A botched green energy scheme that has ignited a political crisis is on course to cost taxpayers more than £1 billion. The Treasury faces the bill after a massive overspend on subsidies encouraging farmers and businesses in Northern Ireland to run eco-friendly power schemes. The Renewable Heat Incentive (RHI) was supposed to cost £25 million in its first five years but the bill is likely to reach £1.15 billion over 20 years. The Treasury can claw back £490 million from the block grant to Northern Ireland, leaving £660 million to be financed by taxpayers in England, Scotland and Wales. The scandal threatens the future of Northern Ireland’s first minister Arlene Foster, leader of the Democratic Unionist Party (DUP). She was the minister responsible when the scheme was set up in 2012. It was intended to boost renewable energy, but critics say Mrs Foster and her officials did not cap costs.
Times 3rd Jan 2017 read more »
Renewables – Scotland
WWF Scotland and trade body Scottish Renewables have issued a joint call for Scottish ministers to set an ambitious target of 50% renewables penetration by 2030 following a ‘landmark year’ for clean energy in 2016. Notable achievements across the Scottish renewables landscape last year include the commissioning of Scotland’s largest solar farm – a 13 MW ground-mounted array – in Tayside, the completion of the U.K.’s largest community rooftop solar project in Edinburgh, the world’s largest tidal turbine trial, and a record-setting day when wind power produced more electricity than was consumed across Scotland over 24 hours. These achievements, noted W WF Scotland director Lang Banks, makes the nation a global trailblazer for pollution-free power, with Scotland now meeting three-fifths of its electricity needs from renewable sources.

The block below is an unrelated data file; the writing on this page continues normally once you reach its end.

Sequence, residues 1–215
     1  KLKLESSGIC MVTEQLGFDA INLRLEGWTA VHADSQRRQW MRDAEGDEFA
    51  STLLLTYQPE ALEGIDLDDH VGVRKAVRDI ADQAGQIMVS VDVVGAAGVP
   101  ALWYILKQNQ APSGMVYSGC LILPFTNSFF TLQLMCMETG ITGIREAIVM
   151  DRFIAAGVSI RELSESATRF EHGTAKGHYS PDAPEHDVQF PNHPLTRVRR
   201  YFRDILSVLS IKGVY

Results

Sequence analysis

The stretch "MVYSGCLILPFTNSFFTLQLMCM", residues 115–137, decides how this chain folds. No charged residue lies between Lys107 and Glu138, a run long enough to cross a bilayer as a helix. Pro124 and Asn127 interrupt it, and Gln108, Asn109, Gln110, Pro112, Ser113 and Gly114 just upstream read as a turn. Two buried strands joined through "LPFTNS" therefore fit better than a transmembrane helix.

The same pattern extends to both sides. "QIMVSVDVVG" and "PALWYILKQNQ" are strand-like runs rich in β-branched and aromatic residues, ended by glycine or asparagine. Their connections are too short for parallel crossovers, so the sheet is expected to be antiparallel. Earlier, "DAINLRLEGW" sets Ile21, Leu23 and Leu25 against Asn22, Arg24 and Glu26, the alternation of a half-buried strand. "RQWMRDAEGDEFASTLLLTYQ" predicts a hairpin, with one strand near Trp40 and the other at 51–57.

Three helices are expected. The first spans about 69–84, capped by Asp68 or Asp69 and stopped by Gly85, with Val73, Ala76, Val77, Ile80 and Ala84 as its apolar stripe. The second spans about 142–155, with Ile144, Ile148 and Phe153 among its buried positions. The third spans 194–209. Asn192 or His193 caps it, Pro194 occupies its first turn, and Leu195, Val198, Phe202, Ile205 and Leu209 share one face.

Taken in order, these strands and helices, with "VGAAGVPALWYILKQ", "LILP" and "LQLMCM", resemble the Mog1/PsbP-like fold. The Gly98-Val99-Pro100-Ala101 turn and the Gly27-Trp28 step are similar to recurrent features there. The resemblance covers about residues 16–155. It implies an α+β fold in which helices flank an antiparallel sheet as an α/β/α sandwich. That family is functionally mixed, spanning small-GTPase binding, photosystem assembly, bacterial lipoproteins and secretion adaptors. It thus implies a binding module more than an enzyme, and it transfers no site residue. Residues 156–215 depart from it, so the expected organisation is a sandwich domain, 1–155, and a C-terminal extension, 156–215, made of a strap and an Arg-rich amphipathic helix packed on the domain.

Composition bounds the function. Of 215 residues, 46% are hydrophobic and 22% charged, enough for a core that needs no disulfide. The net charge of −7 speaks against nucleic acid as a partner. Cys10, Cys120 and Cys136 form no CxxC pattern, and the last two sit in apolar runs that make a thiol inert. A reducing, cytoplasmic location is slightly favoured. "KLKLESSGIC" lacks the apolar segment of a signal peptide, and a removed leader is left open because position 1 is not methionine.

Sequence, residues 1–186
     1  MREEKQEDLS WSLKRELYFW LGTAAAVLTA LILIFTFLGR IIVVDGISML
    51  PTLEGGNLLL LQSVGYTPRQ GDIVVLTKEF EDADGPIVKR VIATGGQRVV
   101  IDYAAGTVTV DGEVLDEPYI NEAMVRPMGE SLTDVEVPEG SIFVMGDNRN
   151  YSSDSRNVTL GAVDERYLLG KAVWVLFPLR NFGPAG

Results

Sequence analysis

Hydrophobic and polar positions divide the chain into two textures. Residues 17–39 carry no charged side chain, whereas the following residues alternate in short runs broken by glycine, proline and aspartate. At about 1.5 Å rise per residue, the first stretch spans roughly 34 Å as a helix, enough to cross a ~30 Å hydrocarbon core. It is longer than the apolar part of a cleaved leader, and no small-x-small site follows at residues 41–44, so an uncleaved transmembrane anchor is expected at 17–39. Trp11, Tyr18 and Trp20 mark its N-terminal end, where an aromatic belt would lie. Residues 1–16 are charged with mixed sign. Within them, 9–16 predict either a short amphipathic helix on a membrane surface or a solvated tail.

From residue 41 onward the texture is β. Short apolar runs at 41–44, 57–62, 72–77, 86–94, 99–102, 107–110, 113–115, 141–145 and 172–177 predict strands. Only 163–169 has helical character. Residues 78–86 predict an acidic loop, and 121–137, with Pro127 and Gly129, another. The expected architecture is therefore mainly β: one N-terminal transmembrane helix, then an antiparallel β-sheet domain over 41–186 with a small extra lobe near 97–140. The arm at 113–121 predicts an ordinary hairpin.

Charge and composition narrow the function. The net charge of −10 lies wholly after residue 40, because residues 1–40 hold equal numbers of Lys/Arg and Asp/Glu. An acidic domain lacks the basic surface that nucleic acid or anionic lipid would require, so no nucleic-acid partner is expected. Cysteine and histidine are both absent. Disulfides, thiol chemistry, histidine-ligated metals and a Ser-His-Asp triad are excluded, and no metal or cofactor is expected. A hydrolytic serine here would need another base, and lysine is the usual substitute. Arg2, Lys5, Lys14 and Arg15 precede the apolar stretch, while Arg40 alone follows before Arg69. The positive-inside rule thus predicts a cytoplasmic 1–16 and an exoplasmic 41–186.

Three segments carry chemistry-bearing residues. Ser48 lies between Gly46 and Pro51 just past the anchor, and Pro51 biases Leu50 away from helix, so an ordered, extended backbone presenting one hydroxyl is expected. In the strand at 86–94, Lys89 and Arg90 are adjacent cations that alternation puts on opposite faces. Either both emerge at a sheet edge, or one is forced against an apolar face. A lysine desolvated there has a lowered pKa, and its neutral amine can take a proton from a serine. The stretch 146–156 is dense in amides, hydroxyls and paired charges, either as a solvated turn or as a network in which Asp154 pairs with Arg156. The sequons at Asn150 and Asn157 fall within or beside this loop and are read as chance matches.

PV Magazine 2nd Jan 2017 read more »
Almost all Costa Rica’s electricity was produced by renewable energy in 2016, continuing its reputation as a “verdant gem” among a pile of “black coal rocks”. The Costa Rican Electricity Institute (ICE) said that around 98.1 per cent of the country’s electricity came from green sources. These included large hydropower facilities, fed by a myriad of rivers and heavy seasonal rains, geothermal plants, wind turbines, solar panels and biomass plants. The country used carbon-free electricity for more than 250 days last year with a continuous 110-day stretch from 17 June until 6 October.
Independent 2nd Jan 2017 read more »
Six countries that said adios to fossil fuels.
Energy Transition 31st Dec 2016 read more »
This past year had so many stories involving human-caused climate change – it will be forever in our memories. Here is a summary of some of the high points, from my perspective. When I say “high points” I don’t necessarily mean good. Some of these high points are bad and some are downright ugly. Let’s do the good first. The Good: The best news of all, in my opinion, is the continued cost reductions and huge installations of clean energy both in the US and around the word. Wind, solar, and other renewables have been on an incredible run of decreasing costs and creative financing, which has made them economically competitive with dirty fossil fuels. Improvements and expansion of grid-based power storage has al so advanced. These storage abilities are needed to allow intermittent power sources (like wind and solar) to play an even larger role in delivering power to the grid. In the end, clean power will win out based on simple dollars and cents – regardless of the fact they will also help save the world.
Guardian 2nd Jan 2017 read more »